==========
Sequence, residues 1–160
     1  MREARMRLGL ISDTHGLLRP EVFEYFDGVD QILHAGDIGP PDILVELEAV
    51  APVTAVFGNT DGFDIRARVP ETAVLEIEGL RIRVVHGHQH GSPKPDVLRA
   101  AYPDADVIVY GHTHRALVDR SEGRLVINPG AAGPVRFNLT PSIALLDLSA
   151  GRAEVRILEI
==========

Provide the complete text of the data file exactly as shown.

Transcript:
Sequence, residues 1–160
     1  MREARMRLGL ISDTHGLLRP EVFEYFDGVD QILHAGDIGP PDILVELEAV
    51  APVTAVFGNT DGFDIRARVP ETAVLEIEGL RIRVVHGHQH GSPKPDVLRA
   101  AYPDADVIVY GHTHRALVDR SEGRLVINPG AAGPVRFNLT PSIALLDLSA
   151  GRAEVRILEI